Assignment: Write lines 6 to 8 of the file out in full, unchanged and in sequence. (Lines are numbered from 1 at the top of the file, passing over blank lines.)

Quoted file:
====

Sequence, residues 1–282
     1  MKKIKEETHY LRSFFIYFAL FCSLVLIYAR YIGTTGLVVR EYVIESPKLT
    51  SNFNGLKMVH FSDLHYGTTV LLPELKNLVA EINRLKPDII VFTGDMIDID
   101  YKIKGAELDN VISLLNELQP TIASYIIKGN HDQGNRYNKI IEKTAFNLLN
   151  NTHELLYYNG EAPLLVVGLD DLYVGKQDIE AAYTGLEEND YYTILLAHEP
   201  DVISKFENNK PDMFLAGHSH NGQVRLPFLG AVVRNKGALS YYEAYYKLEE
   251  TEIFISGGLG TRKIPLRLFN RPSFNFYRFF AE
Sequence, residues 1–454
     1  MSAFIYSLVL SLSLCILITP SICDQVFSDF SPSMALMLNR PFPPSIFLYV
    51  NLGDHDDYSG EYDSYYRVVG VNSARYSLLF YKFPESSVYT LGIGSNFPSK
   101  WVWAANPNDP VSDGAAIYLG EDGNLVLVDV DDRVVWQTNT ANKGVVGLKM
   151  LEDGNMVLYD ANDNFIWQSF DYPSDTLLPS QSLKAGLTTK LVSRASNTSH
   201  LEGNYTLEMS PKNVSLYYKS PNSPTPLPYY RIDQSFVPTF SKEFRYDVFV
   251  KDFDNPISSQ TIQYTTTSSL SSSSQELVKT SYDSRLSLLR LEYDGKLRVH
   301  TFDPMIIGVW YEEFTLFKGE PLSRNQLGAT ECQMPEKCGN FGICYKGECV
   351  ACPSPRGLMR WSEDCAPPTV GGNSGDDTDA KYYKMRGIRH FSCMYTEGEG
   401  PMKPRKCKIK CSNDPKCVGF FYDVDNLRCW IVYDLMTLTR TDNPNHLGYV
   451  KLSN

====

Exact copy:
   201  DVISKFENNK PDMFLAGHSH NGQVRLPFLG AVVRNKGALS YYEAYYKLEE
   251  TEIFISGGLG TRKIPLRLFN RPSFNFYRFF AE
Sequence, residues 1–454